Haskell Weekly

Newsletter

Issue 147 2019-02-21

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Welcome to another issue of Haskell Weekly! Haskell is a safe, purely functional programming language with a fast, concurrent runtime. This is a weekly summary of what’s going on in its community.

Featured

  • A pure function does no funny business by Joseph Abrahamson

    Before we can talk about the tradeoffs of using pure functional style, we need to understand it. What does it mean for a function to be pure anyway?

  • stdio - A simple and high-performance IO toolkit for Haskell by Han Dong Zhu

    Yesterday I and my friend Tao He write a short release message at a local cafe, we released a new IO library for GHC based on our previous work on combining libuv and GHC.

  • January Teardown: Bowling by Stephen Paul Weber

    It’s time to announce the winner for January’s challenge and do some teardown! A lot of what makes this code bad is not being idiomatic for the language or problem, starting even with basic syntax choices.

  • Towards a better API for I/O by Tim Spence

    In this post we’ll skip over some of the more complex implementation details and focus more on the core design of iteratees and the reasoning behind the types Oleg defines.

  • Freer Monads: Too Fast, Too Free by Sandy Maguire

    So without further ado, I’d like to share my work-in-progress with you, tentatively named too-fast-too-free. This is ready for prime-time, but I’d prefer to merge it to someone upstream rather than pollute hackage with yet another free(r) monad extensible effects package.

  • Freer doesn’t come for free by Eric Torreborre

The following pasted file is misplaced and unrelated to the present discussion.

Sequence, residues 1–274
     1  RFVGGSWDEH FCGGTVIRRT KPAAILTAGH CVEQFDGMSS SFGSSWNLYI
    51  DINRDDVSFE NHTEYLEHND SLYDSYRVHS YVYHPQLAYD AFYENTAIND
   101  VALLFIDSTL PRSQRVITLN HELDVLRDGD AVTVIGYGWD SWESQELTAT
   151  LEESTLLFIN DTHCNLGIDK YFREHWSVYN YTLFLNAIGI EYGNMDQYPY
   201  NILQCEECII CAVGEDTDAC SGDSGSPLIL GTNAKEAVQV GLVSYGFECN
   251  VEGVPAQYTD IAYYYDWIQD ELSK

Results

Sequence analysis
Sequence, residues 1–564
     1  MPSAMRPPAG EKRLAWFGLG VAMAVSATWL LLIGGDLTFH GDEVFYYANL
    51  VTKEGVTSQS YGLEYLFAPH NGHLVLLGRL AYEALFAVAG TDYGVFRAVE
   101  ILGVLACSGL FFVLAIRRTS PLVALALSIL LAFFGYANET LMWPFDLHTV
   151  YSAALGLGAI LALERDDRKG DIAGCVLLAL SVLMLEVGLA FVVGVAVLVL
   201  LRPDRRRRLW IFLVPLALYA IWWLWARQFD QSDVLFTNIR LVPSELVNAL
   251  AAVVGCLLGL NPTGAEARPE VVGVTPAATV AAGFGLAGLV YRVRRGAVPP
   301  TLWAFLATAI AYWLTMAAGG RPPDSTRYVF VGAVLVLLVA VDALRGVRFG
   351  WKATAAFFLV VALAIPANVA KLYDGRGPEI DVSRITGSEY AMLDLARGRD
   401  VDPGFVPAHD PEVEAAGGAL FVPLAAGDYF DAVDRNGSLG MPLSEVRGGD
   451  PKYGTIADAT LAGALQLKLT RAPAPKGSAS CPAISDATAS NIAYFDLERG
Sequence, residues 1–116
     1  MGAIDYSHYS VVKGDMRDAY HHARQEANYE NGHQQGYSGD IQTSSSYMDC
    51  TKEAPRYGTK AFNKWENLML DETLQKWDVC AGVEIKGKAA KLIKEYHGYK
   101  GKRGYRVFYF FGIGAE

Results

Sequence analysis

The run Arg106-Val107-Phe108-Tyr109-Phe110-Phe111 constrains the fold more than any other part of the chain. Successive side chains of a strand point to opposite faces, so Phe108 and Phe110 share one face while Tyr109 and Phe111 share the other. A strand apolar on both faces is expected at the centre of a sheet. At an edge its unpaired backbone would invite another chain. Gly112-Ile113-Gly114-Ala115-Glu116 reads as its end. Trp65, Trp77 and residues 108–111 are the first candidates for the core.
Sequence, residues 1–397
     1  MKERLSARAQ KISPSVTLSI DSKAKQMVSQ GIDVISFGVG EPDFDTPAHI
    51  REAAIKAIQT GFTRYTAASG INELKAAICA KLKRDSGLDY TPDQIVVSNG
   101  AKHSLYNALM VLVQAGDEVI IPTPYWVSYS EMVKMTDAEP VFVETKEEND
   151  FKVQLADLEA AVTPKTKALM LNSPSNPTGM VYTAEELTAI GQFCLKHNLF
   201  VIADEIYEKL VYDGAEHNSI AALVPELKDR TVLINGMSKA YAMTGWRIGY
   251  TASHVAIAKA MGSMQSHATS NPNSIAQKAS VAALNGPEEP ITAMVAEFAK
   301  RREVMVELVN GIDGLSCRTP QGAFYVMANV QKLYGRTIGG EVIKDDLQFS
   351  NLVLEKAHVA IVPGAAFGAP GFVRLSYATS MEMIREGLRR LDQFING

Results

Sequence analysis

After being involved with 2 large applications (both in Scala and Haskell) using a “Freer monad” I would not recommend this anymore. Why is that?

  • Embedding Haskell in AsciiDoc by Jonathan Dowland

    For various convoluted reasons I wanted to embed Haskell into an AsciiDoc-formatted document and I couldn’t use Bird-style literate Haskell, which would be my preference.

  • Haskell Style Guide by Kowainik

    The purpose of this document is to help developers and people working on Haskell code-bases to have a smoother experience while dealing with code in different situations.

  • Shower by Monadfix

    A tool for pretty-printing Haskell data types, even ones with broken Show instances (like UTCTime, UUID, and various hash types).

  • Quantifiers in Agda by Vladimir Ciobanu

    This post will go a bit further than that and show the type theoretic equivalents of existential and universal quantifiers. I’ll then explore some interesting properties of these types.

Jobs

  • Software engineer at ITProTV in Gainesville

    ITProTV is disrupting the eLearning world with engaging online training that people actually want to watch. We are currently accepting applications for full-stack software professionals to join our small but talented multidisciplinary team.

    Taylor Fausak, the editor of Haskell Weekly, is the lead engineer at ITProTV.

  • Technical communicator at FP Complete

    We hear the same from people trying to adopt DevOps and the other quality engineering techniques we advocate: people don’t know what’s available, whether it’s usable on their own projects, or how to get help. So I’m creating a new job at FP Complete for an articulate developer to focus on outreach and communication.

  • Haskell developer at Folq in Norway

    We build a platform for matching consultants with customers without slow and expensive intermediates. We love statically typed functional programming, so our main technologies are Elm and Haskell. This enables us to move fast without breaking things.

  • GHC web backend developer at IOHK

    We are looking for a talented Haskell compiler engineer to join our growing in-house team. In this full time, remote work opportunity the candidate will be responsible for designing, implementing, and maintaining existing and emerging backends for the Glasgow Haskell Compiler (GHC) targeting Web platforms, such as JavaScript and WebAssembly.

In brief

Package of the week

This week’s package of the week is symbols, a library that provides utilities for manipulating type-level strings.

Call for participation

Events

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Asia

South America